In the past it was believed that there was something magical about Royal blood. There was a bit of selection here and there, duller royals may have gotten killed off, but the same moderate selection happened to the peasants. In fact, as an ethnic group royals should have enjoyed relaxed selection.

One could imagine that the Royals, once freed from endogamy, could have become “cognitively elite” through selectively mating with very smart, very capable commoners. You sometimes hear it alleged that billionaires are doing this, becoming a kid of “cognitive elite.” There’s little sign of it. You can imagine a world in which the CEOs raid the physics departments looking for the smartest women so their kids would be super-smart, but in the real world they just seek out women who look good and are reasonably intelligent and successful.(College degree and no visible tattoos) Rich movie stars, musicians, and those with inherited wealth don’t seem to care about intelligence in their partners at all.

Despite their non-magical origin, the English prohibition on divorce has functioned as a kind of eugenic selection mechanism for its royal family. Divorce correlates with all kinds of social maladies, and its prohibition provided a floor, albeit not very high, that kept certain characters out of the royal bloodline. Wallis Simpson could not join, Edward VIII who insisted on marrying her had to go. When Princess Margaret, the Queen’s younger sister, wanted to marry the divorced Peter Townsend, the church refused to marry them and she broke off the relationship. Had it not had this prohibition, Britain would have to suffer several decades of the moron Edward VIII before the throne passed to the irreproachable current Queen. And had they continued the prohibition, Charles, with his homeopathic medicines and other associated stupidity, would have been excluded due to his divorce. But Britain grew out of that and now the Royal family, the uber elite among the uber elite, are just an average family, with your typical average family dramas. A year and a half ago I predicted that Prince Harry and Meghan Markle would wind up divorced, and so far I think they are well on their way to that destination.

What’s the solution? Britain’s not going to go back to the old situation. But it could get rid of the monarchy after the Queen dies. The British right should lead the charge. I’m afraid though that they are too spineless to do so.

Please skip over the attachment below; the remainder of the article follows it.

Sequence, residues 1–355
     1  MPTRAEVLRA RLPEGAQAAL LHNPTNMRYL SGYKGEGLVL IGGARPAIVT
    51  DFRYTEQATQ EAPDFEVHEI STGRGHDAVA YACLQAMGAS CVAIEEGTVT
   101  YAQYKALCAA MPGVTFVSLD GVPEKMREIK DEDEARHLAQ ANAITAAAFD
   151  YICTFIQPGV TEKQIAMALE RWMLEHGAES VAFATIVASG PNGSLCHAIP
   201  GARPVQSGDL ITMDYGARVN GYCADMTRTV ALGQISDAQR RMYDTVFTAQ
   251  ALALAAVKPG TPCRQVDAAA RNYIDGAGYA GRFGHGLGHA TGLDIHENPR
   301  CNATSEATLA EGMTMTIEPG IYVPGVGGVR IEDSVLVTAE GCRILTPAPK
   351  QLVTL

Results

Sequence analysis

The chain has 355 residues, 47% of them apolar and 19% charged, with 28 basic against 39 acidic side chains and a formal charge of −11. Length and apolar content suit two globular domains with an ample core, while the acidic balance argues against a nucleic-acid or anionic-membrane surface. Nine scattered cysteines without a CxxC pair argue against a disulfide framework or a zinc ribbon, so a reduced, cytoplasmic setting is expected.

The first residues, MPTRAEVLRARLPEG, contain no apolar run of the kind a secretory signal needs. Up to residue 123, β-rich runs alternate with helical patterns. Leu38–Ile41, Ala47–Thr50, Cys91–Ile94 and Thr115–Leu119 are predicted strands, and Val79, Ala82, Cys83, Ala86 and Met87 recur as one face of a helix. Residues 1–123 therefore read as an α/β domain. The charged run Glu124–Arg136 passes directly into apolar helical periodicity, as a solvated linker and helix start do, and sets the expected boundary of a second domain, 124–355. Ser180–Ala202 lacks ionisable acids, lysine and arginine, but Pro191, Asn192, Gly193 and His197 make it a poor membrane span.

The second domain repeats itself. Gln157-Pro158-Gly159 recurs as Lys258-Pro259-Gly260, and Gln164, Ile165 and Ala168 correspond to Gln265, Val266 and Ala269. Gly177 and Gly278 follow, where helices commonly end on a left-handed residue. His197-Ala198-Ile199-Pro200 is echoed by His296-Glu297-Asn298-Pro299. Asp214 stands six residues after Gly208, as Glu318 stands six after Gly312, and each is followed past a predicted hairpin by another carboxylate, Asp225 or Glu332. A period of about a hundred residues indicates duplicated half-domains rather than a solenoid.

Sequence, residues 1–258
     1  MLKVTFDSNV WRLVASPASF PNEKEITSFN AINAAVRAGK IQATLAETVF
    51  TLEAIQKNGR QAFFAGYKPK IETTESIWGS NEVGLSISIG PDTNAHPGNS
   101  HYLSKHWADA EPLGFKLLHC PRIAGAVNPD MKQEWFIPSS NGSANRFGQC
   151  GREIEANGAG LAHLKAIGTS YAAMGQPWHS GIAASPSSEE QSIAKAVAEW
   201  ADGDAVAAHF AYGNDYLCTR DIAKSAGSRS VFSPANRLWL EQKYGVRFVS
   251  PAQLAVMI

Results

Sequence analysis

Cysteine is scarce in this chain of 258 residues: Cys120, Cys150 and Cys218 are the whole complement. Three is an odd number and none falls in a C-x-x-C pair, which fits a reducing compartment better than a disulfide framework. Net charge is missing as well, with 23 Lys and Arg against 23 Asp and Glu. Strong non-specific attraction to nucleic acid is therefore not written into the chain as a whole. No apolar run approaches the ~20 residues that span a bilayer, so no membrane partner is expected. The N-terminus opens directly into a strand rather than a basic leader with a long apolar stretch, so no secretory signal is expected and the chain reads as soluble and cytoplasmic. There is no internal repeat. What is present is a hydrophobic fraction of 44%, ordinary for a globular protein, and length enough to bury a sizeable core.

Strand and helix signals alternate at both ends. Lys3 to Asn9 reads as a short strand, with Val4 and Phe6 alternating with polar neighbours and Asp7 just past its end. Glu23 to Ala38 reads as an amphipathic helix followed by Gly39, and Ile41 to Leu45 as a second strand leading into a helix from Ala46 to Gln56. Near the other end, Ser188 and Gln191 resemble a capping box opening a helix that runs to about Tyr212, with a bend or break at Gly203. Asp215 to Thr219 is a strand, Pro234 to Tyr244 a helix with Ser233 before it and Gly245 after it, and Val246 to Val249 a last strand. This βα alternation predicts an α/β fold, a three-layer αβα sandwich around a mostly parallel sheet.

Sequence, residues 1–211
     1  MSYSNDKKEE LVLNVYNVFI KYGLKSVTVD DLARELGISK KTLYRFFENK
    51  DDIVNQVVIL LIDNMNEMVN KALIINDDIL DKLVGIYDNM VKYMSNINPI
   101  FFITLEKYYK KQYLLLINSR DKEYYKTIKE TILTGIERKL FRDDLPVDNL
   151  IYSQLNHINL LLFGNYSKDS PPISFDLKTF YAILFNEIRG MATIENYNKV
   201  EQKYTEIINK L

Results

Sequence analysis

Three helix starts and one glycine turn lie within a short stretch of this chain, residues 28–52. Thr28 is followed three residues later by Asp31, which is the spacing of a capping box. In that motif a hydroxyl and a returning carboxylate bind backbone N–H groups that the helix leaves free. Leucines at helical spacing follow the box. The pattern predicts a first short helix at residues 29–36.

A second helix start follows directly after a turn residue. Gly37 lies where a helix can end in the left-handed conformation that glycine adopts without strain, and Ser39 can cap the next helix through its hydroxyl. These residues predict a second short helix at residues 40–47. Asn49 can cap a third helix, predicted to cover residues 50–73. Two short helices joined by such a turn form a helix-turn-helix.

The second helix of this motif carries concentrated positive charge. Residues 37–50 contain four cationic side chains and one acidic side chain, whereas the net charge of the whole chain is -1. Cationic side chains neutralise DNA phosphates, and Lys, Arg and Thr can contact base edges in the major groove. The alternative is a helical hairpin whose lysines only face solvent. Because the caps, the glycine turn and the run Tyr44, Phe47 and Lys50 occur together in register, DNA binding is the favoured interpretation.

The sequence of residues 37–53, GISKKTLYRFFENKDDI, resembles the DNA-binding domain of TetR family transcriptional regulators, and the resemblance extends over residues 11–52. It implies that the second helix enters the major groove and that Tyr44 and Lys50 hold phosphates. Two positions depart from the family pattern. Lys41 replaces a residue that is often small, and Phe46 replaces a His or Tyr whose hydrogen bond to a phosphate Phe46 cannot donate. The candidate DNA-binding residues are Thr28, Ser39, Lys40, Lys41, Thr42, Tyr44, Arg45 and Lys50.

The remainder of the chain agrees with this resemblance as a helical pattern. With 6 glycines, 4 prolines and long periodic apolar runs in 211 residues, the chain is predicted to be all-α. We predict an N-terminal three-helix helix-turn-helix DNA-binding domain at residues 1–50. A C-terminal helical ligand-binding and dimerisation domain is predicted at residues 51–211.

When groups bang themselves on the head with a hammer, it results in a (relative) benefit for those which don’t do so. America derived a (relative) benefit from China, India, and Eastern Europe’s collective banging on the head with a hammer. When they ceased to do so, a lot of American manufacturers went out of business.

For the last few generations, the Democrats have favored more regulation of housing, like everything else. Basic economics tells you that when you restrict the supply of something, the price increases, and the result was a mass migration away from much of blue America:

us internal migration

What if they ceased doing so? Ygelsias explores the question in a recent article. What if furthermore some Republicans decide that since the Democrats have put down the hammer, they should pick it up? See this article by Paul Kersey for an example. The comment section shows some rather astonishing stupidity, with several commenters calling it “communism” that property owners would have the right to build duplexes on their own f***ing property. If you ever wonder why VDare doesn’t have a comment section, read that thread.

This may not happen. The Leftist anti-zoning movement may fizzle out or be transformed into one which replaces dumb regulations with even dumber regulations. But what if they don’t? What if they trigger a “roaring twenties” in the urban core as housing suddenly becomes affordable again? And what if the Republican party becomes the party of artificial housing scarcity? Well, they can do it #WithoutMe. This is not due to any particular free-market views, I would welcome things like higher taxes on the rich. I just don’t want to give half my income to my landlord.